Melbourne, Melbourne Fashion Festival Cultural Program 2015

Youth: SWAP/STYLE/SNAP!, Melbourne Fashion Festival Cultural Program 2015

0 Comments 14 March 2015

“I have an overflowing wardrobe, but nothing to wear.”

In today’s clothing climate, it’s a common turn of phrase. Festering floordrobes, nurtured by our love to shop, wear once, and quite literally – drop, are slowly swallowing the bedroom floors of fashionistas worldwide.

According to the gang at The Clothing Exchange, the average Aussie wardrobe contains 104 unused items. We wear approximately 20 per cent of our clothing 80 per cent of the time, and, as a nation, spend $1.7 billion dollars on clothes we rarely sport.

When gazing at the healthy hoards of fabric bursting out from behind un-closable closet doors, being a style-stasher doesn’t seem like such a hefty crime. But when the cold, hard facts are considered, a hint of self-reflection occurs. As a group of fashion fanatics with sustainable sentient discovered this week, it’s time to ditch the cheeky buy-and-deny, and enter retail rehabilitation.

Savvy, sophisticated and sustainable. These are the words that united the otherwise diverse troupe of panellists at Wednesdays Wardrobe Workshop. Hosted by the Melbourne Clothing Exchange in partnership with the 2015 VAMFF Cultural Program, this in depth discussion saw an ensemble of industry leaders come together to address the peculiar phenomenon of the overflowing “drobe”.

Mats Ekstrom from slow fashion retailer Swensk, BusinessChic blogger Cheryl Lin and sustainability consultant Fabia Pryor joined Violette Snow and Sigrid McCarthy, the lovely ladies behind Melbourne’s most sustainably stylish publication, HESSIAN, to guide what was a truly enlightening and ideal-examining chat.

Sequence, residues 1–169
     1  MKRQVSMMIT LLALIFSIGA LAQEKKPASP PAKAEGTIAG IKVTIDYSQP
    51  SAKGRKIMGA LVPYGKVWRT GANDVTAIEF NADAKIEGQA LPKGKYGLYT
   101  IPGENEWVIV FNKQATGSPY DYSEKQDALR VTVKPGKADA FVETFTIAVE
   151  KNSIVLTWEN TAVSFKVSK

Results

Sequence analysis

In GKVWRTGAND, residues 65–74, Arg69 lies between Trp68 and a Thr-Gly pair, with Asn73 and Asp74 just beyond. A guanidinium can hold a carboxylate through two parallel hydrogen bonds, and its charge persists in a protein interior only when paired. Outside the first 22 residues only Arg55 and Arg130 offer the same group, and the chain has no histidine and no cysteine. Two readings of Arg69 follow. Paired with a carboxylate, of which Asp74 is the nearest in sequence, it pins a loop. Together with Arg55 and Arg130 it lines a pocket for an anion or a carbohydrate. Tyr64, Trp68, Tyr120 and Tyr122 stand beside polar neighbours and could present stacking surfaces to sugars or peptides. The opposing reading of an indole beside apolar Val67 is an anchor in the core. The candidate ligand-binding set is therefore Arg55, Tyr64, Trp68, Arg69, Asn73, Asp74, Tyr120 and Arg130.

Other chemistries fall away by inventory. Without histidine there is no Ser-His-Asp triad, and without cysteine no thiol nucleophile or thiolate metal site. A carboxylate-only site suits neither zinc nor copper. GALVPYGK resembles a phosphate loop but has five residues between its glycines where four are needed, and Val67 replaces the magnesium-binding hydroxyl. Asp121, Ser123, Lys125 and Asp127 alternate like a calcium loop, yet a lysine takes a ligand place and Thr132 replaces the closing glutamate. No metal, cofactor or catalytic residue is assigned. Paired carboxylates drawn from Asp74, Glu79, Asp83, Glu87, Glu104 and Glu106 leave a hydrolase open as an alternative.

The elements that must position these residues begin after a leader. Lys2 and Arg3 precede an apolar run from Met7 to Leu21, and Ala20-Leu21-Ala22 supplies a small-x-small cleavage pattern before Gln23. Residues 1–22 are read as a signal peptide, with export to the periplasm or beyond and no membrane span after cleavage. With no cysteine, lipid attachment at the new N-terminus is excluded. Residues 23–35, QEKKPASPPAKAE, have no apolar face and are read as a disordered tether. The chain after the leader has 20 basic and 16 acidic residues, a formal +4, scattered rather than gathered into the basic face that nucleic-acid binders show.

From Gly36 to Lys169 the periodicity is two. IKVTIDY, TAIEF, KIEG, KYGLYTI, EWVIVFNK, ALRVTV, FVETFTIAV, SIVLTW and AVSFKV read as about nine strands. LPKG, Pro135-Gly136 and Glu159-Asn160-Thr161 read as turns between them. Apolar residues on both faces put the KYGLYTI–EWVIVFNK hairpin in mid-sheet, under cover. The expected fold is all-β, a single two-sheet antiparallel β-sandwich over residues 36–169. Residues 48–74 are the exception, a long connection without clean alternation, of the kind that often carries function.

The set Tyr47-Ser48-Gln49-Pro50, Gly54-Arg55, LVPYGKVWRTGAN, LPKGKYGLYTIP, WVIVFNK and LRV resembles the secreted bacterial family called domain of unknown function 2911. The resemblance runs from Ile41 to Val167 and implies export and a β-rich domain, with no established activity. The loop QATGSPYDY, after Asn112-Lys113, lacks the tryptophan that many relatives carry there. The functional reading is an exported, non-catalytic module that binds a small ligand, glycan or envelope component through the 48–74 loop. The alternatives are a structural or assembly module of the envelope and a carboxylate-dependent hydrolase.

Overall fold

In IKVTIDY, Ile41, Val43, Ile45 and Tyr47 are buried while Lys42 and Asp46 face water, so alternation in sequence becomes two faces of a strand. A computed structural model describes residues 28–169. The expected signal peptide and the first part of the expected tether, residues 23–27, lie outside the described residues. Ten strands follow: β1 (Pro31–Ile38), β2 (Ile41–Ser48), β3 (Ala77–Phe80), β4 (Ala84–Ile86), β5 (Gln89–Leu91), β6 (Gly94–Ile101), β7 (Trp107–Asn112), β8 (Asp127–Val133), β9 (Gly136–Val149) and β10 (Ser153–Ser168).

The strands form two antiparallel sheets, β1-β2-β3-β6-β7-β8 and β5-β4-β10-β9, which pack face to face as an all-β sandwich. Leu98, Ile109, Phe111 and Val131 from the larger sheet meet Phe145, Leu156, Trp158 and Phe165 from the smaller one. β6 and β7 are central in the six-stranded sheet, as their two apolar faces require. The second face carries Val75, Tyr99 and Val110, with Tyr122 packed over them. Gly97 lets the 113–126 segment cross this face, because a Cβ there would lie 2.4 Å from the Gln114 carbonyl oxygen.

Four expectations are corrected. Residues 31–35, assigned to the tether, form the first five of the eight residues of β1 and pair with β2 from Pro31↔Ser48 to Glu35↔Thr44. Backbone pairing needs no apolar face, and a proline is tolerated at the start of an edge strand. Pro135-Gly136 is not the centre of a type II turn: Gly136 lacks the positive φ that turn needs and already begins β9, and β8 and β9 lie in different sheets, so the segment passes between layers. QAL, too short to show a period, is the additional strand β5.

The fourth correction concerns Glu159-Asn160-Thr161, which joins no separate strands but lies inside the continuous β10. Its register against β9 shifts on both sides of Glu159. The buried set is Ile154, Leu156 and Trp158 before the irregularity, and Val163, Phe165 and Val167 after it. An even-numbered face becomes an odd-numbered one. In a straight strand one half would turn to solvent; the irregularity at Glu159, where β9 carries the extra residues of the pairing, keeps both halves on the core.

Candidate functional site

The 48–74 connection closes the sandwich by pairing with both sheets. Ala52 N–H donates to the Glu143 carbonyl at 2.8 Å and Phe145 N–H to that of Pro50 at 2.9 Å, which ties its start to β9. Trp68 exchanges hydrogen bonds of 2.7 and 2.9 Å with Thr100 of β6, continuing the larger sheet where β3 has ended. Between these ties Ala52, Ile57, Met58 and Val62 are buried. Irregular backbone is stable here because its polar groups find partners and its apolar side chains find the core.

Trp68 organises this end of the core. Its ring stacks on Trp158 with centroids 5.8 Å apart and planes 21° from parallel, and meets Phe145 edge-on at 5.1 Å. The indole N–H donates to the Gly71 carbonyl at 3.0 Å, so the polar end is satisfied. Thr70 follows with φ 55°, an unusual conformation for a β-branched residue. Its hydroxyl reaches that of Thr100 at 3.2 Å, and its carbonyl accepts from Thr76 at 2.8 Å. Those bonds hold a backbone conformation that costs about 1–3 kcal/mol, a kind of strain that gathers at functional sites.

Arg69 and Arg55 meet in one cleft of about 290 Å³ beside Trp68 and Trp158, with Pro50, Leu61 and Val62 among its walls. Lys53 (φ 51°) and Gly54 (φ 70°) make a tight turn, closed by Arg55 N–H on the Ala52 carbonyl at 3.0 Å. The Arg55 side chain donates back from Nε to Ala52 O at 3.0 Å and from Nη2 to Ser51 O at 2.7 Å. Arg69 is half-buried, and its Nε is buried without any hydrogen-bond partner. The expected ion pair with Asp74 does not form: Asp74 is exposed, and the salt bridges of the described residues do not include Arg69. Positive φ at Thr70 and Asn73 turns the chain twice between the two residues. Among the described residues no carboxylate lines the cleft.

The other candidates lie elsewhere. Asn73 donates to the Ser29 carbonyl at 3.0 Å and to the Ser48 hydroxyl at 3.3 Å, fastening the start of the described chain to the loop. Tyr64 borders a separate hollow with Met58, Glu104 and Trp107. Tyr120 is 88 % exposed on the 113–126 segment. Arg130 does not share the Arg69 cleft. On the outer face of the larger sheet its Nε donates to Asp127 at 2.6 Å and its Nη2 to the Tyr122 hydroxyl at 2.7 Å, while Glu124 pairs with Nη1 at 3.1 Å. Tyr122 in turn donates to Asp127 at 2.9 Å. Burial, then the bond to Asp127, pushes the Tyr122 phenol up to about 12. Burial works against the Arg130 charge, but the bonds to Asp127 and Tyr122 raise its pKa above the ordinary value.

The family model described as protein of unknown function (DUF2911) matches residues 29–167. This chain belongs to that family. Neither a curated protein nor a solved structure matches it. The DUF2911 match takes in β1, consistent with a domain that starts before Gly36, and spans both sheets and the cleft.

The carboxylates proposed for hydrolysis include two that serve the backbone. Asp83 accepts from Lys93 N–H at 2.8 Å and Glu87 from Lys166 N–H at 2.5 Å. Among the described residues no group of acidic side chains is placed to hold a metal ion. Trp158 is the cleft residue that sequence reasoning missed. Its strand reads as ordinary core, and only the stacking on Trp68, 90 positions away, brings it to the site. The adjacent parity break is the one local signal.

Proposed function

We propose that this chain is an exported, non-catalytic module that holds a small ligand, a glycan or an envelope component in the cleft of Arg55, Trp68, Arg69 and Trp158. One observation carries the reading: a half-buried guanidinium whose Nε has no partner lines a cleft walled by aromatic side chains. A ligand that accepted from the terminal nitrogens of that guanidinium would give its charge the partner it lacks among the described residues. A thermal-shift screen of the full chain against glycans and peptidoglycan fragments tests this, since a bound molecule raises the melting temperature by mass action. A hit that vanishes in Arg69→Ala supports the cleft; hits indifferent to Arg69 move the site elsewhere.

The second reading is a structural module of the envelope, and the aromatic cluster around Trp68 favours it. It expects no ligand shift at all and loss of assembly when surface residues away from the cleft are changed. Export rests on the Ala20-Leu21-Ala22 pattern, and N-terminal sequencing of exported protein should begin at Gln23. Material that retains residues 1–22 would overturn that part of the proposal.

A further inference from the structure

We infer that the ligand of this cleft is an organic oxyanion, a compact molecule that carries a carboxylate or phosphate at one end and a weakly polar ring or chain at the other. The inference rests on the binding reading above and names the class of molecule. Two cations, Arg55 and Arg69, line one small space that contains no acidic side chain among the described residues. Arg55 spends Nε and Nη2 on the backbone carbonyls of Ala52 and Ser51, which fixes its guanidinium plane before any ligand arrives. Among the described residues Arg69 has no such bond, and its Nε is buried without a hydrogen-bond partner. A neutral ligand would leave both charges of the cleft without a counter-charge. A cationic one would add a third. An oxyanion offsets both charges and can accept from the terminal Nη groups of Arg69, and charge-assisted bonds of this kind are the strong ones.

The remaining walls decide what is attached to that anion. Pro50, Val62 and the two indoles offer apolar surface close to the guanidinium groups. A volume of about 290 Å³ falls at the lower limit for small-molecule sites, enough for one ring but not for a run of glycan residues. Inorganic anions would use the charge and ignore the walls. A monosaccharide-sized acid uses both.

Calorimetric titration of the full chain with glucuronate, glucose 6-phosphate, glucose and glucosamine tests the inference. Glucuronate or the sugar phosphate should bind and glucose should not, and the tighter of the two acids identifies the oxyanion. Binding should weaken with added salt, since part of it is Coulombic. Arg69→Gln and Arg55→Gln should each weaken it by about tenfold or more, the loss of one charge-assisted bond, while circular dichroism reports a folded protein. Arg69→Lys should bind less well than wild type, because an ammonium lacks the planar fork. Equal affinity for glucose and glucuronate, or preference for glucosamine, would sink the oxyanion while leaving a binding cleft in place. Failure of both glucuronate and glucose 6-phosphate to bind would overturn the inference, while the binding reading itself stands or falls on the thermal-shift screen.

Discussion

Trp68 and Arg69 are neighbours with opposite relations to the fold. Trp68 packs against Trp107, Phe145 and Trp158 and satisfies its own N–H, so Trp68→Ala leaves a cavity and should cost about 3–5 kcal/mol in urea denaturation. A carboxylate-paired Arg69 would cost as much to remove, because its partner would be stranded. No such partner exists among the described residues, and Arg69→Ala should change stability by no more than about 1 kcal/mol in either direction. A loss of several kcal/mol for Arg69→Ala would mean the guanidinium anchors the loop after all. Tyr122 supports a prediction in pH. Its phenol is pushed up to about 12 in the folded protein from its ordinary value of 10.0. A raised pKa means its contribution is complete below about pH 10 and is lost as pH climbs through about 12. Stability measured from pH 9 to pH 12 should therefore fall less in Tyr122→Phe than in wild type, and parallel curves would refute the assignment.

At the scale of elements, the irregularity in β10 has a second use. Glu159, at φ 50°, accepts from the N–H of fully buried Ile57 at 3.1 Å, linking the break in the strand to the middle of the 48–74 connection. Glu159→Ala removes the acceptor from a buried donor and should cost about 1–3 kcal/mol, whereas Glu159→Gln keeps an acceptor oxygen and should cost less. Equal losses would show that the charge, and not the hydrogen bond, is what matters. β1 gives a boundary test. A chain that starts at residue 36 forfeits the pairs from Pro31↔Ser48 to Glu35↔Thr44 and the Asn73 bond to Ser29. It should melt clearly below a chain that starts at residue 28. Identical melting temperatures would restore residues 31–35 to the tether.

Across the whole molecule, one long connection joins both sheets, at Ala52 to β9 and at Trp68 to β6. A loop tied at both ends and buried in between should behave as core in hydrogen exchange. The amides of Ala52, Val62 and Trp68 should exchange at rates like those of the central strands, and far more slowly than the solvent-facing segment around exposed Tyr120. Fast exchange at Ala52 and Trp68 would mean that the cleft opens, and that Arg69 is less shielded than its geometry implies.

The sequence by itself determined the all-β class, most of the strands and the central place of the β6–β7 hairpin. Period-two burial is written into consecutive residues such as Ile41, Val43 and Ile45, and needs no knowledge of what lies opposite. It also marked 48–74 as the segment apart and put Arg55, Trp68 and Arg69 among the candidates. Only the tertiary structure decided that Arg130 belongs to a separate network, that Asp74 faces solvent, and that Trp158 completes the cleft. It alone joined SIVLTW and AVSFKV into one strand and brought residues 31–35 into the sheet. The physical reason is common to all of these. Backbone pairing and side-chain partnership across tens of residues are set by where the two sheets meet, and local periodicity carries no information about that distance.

Fronting an audience of fashionistas enthusiastic for ethical improvement, founder of The Clothing Exchange Kate Luckins and Melbourne swap meet host, Linn Vikander bounced questions around the panellists, addressing issues such as, ‘why do we keep things we don’t wear?’ and ‘how can we turn our overflowing wardrobe into a functional wardrobe, while still enjoying the frivolity fashion has to offer?’

Ekstrom credited his male clientele as leaders of the minimalism mission. “They shop with a purpose,” he explained, “and this usually includes buying something that means they don’t have to return for another three years.”

But Lin, Pryor, Snow and McCarthy suggested it’s possible to consume carefully.

“Editing your wardrobe doesn’t mean divorcing yourself from the fun of fashion. Take it as a challenge to hone your personal style, keep the pieces that compliment this and trade those that don’t away,” proposed Pryor.

Following the conversation was The Clothing Exchange’s personally curated wardrobe-waste solution. Why drop, when you can swap? With each member of the audience bringing a small bag of unwanted garments to trade for pre-loved pieces, it became evident that despite suggestions of slow fashion being ‘boring’, swapping can procure just as much fun than shopping. And with the expert assistance of Vogue Japan’s Leeyong Soo in the styling booth, we learnt it’s possible to look hip in hand-me-arounds.


Hosting wardrobe exchanges every couple of months, if you, like us, are currently guilty of cultivating a hefty crop of clothing, take yourself, your friends, and a bag of your finest unworn apparel along to the next meet.

You’ll trade forgotten treasures for some stylish new steals, and have a whole heap of fun in the process. And, with all un-swapped items going to charity, we’re sure the brains behind The Clothing Exchange have found the most enjoyable solution to the wardrobe-waster yet.

Swap/Style/Snap, and you won’t look back.


For more details on The Clothing Exchange, visit

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